Seaford resident part of song remake for updated TV show
By Lynn R. Parks
A much-loved 1990s television sitcom is getting an update, thanks to movie and TV streaming giant Netflix. Also getting an update is the show's theme song, written by Seaford-area resident Jesse Frederick.
"Fuller House" debuted Feb. 26. Singing the theme is Canadian pop star Carly Rae Jepson. In an interview with Rolling Stone magazine, Jepson said that "Full House," which ran on ABC from 1987 to 1995, was her favorite show when she was a child.
"I was offered this and wondering if it could fit into my schedule," she told the magazine. "I had a lot going on at the time. [But] I said, 'What? We have to make time for this! I'll come in the middle of the night, whatever it is.'"
Frederick, who sang "Everywhere You Look" for "Full House," was on hand when Jepson recorded the "Fuller House" version. She wanted to be "true to the original," she said. On the other hand, "If you try too hard to do something unnatural, it's never going to work out."
"I told her to do it her way," Frederick said. "And it turned out to be great."
Frederick was speaking from his family home on the Nanticoke River, where he lives with his wife, Holly. They have two grown sons, Kieran and Nikolas.
Frederick, who wrote music for dozens of television shows, including "Perfect Strangers," "Family Matters," Step by Step," "Better Days" and "Falcon Crest," said that working on "Full House" was a unique situation. "The production team, the cast - everybody was such a family on the set," he said. "It really was as it seemed on the show. If it was another old show that someone wanted to do today, I would have to think pretty hard before saying yes."
But for now, Frederick is enjoying the whirl of activity around the release of the first season of "Fuller House," and the announcement on March 2 that Netflix has commissioned a second season. Last Thursday, he appeared on "The Tonight Show"; the opening credits for the show included a theme song that he wrote specially for the occasion. "Let the light shine through, to everyone that you know," the chorus says. "Let the light shine through, Jimmy's on The Tonight Show!"
At the end of the program, Frederick joined house band The Roots for a song. Fallon also joining in was not part of the plan.
But "he got excited," Frederick said. "He got up there and sang with us."
Frederick grew up in Salisbury, Md., and Seaford, and graduated from Seaford High School. He went to the Shenandoah Conservatory of Music to study classical trumpet.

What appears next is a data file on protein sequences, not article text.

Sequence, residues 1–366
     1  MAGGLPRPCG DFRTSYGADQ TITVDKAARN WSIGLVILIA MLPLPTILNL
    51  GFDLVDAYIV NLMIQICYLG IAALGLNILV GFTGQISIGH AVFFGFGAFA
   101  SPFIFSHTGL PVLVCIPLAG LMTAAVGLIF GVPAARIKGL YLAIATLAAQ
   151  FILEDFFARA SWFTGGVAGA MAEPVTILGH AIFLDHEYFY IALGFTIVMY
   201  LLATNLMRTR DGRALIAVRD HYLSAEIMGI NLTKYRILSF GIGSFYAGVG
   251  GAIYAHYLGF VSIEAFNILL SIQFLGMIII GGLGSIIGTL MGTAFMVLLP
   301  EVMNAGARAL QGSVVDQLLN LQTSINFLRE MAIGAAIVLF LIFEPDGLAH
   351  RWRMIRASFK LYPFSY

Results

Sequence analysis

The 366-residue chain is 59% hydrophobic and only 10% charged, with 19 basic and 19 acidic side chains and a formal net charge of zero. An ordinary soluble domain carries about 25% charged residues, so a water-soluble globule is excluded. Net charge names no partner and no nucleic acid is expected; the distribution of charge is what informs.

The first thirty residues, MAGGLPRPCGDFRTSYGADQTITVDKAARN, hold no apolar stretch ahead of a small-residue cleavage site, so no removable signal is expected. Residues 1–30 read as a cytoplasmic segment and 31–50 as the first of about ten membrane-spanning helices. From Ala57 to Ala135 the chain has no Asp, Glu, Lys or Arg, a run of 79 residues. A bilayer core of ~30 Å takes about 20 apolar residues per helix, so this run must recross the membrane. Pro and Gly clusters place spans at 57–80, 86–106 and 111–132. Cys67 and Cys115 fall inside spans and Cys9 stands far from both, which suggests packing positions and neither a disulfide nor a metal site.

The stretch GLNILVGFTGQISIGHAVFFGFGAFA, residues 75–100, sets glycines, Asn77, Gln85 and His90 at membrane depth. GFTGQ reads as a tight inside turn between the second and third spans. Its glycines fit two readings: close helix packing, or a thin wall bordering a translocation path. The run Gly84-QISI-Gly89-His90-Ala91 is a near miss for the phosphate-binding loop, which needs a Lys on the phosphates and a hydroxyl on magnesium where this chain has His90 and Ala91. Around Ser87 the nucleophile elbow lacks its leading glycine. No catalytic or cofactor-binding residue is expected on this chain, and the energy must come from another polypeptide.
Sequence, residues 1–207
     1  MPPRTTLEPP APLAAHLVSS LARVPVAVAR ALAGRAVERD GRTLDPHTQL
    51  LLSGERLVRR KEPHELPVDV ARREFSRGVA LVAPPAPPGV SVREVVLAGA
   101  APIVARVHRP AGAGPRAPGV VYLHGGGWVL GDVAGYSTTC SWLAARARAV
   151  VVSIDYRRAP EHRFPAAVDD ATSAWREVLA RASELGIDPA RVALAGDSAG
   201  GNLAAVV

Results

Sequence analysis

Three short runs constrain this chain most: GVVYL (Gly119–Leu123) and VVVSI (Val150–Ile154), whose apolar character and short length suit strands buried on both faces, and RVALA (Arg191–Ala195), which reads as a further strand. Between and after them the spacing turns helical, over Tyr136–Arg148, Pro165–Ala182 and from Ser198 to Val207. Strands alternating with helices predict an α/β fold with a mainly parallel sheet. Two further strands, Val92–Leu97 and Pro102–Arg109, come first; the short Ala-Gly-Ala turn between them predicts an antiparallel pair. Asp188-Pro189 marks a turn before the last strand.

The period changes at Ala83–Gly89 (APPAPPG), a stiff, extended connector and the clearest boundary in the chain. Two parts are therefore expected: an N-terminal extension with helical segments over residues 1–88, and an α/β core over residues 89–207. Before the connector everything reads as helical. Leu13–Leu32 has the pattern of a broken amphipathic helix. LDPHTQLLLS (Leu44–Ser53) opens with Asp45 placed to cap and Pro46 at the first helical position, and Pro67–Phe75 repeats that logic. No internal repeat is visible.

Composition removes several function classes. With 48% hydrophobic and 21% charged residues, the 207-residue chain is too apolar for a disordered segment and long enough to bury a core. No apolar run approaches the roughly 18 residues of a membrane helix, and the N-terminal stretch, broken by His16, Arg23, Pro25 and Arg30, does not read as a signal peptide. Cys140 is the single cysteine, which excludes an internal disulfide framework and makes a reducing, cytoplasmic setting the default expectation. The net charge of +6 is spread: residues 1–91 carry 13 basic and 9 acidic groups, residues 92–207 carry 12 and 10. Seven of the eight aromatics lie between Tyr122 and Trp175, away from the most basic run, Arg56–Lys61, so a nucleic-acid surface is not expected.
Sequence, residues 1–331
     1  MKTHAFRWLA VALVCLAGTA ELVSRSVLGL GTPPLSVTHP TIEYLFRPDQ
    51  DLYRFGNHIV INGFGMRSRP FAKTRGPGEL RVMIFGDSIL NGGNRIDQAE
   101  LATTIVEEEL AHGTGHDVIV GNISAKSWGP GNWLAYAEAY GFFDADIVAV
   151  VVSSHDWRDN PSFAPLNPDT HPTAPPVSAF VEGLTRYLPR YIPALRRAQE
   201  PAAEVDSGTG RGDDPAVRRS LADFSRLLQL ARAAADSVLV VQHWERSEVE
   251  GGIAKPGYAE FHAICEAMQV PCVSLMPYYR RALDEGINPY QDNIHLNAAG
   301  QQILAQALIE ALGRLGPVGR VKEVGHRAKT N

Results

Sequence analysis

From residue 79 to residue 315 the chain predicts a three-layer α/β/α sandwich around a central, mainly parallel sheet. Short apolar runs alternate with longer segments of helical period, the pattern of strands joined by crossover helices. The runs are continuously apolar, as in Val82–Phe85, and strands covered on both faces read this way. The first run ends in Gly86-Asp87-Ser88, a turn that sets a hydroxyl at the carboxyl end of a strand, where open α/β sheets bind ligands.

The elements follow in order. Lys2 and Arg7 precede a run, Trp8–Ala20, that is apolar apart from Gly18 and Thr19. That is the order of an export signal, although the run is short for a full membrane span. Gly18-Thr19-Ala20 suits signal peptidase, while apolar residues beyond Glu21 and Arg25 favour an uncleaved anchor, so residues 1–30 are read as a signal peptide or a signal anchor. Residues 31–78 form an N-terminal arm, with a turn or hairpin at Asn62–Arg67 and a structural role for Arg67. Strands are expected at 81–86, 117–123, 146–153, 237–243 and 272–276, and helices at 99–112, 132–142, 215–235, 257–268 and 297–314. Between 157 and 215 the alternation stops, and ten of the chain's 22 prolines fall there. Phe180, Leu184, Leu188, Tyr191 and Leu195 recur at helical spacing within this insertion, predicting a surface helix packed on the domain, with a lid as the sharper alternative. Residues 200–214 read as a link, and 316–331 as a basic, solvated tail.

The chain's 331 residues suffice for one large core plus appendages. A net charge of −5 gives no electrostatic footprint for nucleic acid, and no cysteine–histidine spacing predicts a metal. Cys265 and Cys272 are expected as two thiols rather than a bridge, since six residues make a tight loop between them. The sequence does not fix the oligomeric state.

"I thought I was destined for that," he said. "But when I got to college, I met people who recognized a different thing in me."
He left the conservatory and in 1972, he released his first album, titled simply "Jesse Frederick," for Bearsville Records. A few years later, he formed the group The Kinetics and released a single for Columbia Records, "Don't Stand in the Shadow."
His foray into film started in 1980, when he sang for a lead character in the movie "The Idolmaker." Frederick recorded the songs, then actor Paul Land lip synched along for the filming. A hit from that film, "Here is My Love," was released as a single; the entire soundtrack came out on compact disc in 2013.
In 1984, he composed and performed music for the movie "The Flamingo Kid." His start in television came when he was asked to write a theme song for the new show, "Perfect Strangers."
By the late 1990s, Frederick, a new father, was ready to leave Los Angeles. He and Holly brought their family to Seaford and then embarked on a two-year sailing trip in the Atlantic Ocean and Caribbean Sea.
"That was an incredible experience, with the quality of life that we enjoyed, so far from everything and having to make sure that we knew what we were doing. It was inspiring and life-changing. I can write music by rote, but if I don't stop for a moment and get out, the work becomes more of a skill set than inspiration."
Now, Frederick spends his time writing "more meaningful music," as well as poetry. He is also working on a novel, with no publication date in mind.
"My career pathway has been very different from what I thought it would be when I was dreaming as a kid," he said. "But I'm happy. I'm blessed. I thank God every day for what I have. And I can't believe that at this stage in my career, I got a call asking me to be on with Jimmy Fallon. Can you imagine! I just pinched myself."
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